Hundreds of faculty members from a Chongqing university staged a protest last week over plans for a new performance appraisal that would require more lessons from teachers.
As many as 300 teachers of Chongqing Technology and Business University, in southwestern China's Chongqing province, gathered on Friday protesting what they called unfair treatment. The new appraisal would favour administrative staff and infringe on teaching staffs’ rights, they said.
The protest was triggered during a meeting at which 40 deputies representing university staff, administrators and teachers were meant to vote on the appraisal. Four teacher deputies walked out of the meeting to stage a protest outside, saying they thought they were unfairly outnumbered, according to news portal Southcn.com .
Teachers contended that the new appraisal was not in line with Chongqing's education policy because it would take away emphasis on teaching. The government recently said it would put more educational resources into teaching instead of school administration.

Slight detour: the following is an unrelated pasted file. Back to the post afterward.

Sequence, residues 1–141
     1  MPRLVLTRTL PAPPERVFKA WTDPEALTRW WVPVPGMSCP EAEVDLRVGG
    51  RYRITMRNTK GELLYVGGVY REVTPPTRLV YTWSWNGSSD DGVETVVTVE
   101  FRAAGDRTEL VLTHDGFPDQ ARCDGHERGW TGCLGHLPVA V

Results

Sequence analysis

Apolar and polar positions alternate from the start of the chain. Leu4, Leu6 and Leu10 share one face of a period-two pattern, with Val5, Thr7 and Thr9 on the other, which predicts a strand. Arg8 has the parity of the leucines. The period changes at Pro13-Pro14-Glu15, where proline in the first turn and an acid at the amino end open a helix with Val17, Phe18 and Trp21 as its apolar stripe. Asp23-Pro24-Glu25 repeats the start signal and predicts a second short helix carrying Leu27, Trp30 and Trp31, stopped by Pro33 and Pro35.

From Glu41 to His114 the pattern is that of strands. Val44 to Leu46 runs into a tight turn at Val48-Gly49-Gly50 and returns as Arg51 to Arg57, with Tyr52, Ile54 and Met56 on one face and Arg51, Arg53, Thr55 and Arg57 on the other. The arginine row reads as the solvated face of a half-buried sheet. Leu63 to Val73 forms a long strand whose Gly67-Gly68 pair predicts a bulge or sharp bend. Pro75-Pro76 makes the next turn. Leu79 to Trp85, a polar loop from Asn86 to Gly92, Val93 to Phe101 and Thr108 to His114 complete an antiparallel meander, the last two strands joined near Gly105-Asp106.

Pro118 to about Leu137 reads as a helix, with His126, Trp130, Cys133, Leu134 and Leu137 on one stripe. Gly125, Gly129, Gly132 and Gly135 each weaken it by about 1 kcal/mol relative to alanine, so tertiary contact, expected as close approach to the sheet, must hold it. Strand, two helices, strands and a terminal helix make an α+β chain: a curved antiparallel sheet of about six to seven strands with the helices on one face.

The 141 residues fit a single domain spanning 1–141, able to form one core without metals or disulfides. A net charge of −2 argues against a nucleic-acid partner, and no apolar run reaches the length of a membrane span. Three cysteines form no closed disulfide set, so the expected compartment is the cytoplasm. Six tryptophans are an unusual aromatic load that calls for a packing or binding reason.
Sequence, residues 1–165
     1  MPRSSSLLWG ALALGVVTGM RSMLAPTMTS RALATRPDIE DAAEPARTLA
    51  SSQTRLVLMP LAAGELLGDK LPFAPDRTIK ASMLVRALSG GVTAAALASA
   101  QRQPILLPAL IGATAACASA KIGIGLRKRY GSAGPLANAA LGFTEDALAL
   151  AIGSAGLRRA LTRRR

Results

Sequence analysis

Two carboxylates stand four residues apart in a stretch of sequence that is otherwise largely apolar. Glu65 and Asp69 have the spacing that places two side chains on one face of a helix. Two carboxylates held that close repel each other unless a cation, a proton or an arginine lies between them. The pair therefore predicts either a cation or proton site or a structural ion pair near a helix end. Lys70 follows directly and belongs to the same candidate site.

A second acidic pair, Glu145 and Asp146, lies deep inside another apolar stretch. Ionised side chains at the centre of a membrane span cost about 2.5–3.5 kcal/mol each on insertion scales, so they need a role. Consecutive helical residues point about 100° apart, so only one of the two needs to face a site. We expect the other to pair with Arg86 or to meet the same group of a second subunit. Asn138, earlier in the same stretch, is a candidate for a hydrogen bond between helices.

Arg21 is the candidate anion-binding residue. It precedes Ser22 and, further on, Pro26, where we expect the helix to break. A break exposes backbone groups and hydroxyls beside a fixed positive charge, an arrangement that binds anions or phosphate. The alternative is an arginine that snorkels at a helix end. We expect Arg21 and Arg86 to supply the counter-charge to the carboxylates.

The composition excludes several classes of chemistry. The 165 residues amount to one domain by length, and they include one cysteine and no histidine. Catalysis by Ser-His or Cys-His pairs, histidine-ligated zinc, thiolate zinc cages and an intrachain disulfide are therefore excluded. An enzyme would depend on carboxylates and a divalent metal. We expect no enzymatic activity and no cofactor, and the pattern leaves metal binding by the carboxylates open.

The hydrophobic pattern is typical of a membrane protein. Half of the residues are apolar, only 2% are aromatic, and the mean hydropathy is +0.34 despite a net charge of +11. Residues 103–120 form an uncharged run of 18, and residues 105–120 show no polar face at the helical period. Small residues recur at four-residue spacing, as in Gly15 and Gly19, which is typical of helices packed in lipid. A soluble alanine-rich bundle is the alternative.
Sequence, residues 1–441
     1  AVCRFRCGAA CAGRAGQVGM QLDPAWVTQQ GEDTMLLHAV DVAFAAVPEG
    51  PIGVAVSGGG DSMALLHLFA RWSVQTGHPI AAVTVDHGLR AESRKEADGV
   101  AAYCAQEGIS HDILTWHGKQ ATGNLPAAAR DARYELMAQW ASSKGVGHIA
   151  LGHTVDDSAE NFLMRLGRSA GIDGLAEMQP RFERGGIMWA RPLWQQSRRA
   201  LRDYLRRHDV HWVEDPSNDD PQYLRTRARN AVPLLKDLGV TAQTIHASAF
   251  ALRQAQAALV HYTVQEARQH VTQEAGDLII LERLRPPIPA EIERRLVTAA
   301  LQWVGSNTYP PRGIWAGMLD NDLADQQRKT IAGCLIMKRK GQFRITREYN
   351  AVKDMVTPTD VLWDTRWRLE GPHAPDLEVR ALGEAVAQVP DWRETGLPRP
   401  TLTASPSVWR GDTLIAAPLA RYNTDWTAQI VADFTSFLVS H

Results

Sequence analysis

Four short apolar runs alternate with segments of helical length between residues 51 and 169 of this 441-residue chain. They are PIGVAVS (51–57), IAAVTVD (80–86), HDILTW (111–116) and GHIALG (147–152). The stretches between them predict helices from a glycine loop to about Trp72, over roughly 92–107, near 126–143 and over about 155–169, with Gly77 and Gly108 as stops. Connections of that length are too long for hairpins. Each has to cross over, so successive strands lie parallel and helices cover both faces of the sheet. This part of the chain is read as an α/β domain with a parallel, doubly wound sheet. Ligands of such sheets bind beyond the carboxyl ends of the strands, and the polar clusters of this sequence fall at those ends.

The proposed appraisal would require teaching staff to increase their lessons by a third, to about 320 lessons a year, from the current standard of 220 to 260 lessons, said the report.
“On top of these extra lessons, we also have to complete our academic research tasks to earn the overtime income,” one longtime professor said, “but administrative staff earn their wages by working a standard eight hours a day, not to mention they have no academic research to conduct. This is so unfair.”
As many as 300 university staffs participated in the peaceful protest, which lasted an hour. They sang the national anthem, the report quoted witnesses as saying.
School administrators said the appraisal proposal was merely a draft to solicit opinions and would take teaching staffs’ concerns into consideration.
On Saturday, a statement published on the university website said the school had discussed and consulted with its staff about the new appraisal proposal but did not disclose whether it had been approved.